STORY // Kenya :: Nairobi Slums

Last month I spent some time covering a BHW partnership that is working in a couple slums in nairobi. Daniel Ogutu and his wife began a ministry here that now encompasses a church, several schools, an orphanage, HIV/AIDS awareness, education, and training with treatment, and recovery programs for addicts that flock to the slums.

They have started schools with the hope and vision of investing in children and equipping them to get themselves out of the slums.  These guys realize it’s a long-term project and they are in it for the long haul.  Having spent the last 20 years investing in this community, they are beginning to see the fruit.  I interviewed a girl named Zainabu who is in her 3rd year of university getting a journalism degree.  She has lived her whole life in the slums.  Both of her parents passed away due to AIDS years ago and her 2 older siblings married and moved away.  Leaving her to look after her younger sisters and brother.  She went through the school’s the BHW partner has started and is active in that church.  Her hope is that one day her education will enable her to provide a better life for her and her siblings.

The slums are a crazy place.  Alcoholism and drug abuse is a huge issue within the slums.  HIV is very prevalent.  Crime is prevalent.  Trash is everywhere, up to your waste in many places that you walk.  The smell is impossible to explain.  People live in… well… Shacks really.  Typically like a 10ft by 8ft room with rusted tin walls and roof.  A lot of times 7-10 people living in one room.  In order to all sleep they arrange a schedule and people sleep in shifts.  There are a few public outhouses that everyone has to pay a fee to use.  If someone doesn’t have the money they often times go in plastic bags and toss it into the river running through the middle of the slum.  The Nairobi River runs through the Mathare slum.  If there isn’t enough waste, trash and chemicals in the river from the industrial section just before the slum, it only gets worse as it goes through the slums.  As you walk over the bridge across the river and see all the trash and smell the wretchedness of the decaying feces and trash flowing through the river and laying piled up on the banks, you look one direction and see a bunch of ladies washing their clothes in the same water.  As you look the other direction, you see a group of guys making illegal alcohol using the same water.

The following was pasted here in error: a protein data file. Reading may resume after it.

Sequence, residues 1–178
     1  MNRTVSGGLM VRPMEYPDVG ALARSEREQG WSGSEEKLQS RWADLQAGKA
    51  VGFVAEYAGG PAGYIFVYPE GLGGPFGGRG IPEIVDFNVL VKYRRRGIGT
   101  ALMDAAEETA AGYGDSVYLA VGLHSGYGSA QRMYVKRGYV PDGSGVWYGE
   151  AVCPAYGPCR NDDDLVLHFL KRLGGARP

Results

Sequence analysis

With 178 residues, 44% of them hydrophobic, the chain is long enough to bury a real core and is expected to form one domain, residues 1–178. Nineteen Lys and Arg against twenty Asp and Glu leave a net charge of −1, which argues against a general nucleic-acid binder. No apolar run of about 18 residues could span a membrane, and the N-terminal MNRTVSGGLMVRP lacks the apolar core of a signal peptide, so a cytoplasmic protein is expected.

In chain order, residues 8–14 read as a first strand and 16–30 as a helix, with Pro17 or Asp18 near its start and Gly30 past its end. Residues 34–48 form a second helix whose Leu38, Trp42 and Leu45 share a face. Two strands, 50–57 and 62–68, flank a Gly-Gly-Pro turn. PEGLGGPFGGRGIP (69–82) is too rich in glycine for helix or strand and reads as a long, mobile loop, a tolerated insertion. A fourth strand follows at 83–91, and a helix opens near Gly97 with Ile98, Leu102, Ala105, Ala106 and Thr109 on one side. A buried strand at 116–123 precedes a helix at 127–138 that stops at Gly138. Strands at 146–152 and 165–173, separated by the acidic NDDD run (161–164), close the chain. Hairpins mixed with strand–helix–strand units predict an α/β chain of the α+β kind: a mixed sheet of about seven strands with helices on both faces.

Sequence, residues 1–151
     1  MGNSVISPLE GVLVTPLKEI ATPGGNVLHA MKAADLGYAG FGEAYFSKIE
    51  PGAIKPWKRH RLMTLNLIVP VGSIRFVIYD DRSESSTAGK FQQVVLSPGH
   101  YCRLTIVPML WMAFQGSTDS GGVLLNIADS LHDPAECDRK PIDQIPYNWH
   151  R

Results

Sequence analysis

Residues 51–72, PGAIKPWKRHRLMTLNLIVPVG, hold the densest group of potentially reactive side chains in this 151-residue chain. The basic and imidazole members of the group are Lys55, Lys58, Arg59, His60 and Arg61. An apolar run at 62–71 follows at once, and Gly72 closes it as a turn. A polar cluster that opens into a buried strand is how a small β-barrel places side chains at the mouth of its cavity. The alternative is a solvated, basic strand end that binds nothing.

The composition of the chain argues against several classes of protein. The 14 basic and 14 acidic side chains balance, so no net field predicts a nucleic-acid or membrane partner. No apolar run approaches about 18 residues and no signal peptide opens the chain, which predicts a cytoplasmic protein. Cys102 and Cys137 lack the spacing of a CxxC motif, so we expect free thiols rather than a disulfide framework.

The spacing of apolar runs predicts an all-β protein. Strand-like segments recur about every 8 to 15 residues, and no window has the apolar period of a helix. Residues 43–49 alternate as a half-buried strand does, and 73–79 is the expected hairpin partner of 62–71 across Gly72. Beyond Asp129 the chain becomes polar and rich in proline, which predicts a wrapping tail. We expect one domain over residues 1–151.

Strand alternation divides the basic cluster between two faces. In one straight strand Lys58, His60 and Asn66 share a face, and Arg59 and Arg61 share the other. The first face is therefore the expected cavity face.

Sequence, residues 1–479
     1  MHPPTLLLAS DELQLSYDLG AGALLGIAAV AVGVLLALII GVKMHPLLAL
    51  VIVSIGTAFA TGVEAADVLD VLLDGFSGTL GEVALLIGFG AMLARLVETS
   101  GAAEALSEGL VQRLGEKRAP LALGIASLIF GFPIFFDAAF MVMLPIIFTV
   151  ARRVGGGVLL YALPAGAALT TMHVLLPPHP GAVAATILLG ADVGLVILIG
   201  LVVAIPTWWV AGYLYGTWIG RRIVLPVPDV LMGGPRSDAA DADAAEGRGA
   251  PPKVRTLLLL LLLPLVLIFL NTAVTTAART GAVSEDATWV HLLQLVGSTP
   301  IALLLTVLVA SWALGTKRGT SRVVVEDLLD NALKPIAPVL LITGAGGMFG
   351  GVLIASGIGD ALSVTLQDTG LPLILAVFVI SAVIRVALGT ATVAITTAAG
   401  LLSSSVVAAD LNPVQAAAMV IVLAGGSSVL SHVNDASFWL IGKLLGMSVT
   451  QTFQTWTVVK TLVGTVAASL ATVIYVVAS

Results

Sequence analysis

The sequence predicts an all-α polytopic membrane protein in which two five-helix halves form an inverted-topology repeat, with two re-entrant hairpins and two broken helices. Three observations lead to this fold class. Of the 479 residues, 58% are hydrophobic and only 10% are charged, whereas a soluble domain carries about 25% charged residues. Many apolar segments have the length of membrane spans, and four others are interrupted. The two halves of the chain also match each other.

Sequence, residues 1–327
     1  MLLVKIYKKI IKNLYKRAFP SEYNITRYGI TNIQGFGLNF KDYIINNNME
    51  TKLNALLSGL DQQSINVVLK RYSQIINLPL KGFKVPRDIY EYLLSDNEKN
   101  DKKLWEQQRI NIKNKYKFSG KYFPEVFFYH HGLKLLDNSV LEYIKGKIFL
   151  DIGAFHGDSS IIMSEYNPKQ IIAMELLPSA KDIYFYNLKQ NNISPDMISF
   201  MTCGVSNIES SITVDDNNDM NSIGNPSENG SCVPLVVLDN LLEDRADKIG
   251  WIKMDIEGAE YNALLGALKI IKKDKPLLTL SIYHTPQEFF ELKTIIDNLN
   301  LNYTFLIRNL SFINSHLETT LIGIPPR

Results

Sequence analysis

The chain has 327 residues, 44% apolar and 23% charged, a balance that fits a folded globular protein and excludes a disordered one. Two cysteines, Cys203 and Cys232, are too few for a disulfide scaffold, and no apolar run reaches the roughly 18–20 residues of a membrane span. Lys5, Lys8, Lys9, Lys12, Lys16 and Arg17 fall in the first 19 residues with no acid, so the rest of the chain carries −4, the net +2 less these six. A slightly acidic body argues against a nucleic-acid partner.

Yet Daniel and his wife have chosen to invest their life into the people of these slums.  To give children a chance for education and equip them to get themselves out of the slums, to provide support and education for those with HIV/AIDS, provide recovery programs for those battling addictions, offer bible classes and even have a church in the slum.  It is a picture of the church being the hands and feet, of caring for the least of these, of holistically presenting the gospel.  And to see the faces, smiles, hope and joy of the children that Daniel and his wife have reached is impossible to miss.

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